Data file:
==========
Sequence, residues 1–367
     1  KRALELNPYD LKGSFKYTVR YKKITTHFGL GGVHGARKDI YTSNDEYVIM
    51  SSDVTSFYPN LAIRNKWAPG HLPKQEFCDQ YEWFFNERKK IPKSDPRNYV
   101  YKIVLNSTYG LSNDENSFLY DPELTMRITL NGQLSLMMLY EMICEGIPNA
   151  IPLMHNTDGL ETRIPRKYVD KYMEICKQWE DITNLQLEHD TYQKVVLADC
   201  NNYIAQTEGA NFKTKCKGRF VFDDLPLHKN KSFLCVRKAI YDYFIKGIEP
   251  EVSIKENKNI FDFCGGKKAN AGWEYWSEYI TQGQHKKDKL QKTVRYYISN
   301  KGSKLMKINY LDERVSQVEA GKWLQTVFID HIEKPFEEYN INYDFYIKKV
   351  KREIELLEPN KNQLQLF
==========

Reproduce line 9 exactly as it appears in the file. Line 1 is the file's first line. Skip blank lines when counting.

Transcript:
   351  KREIELLEPN KNQLQLF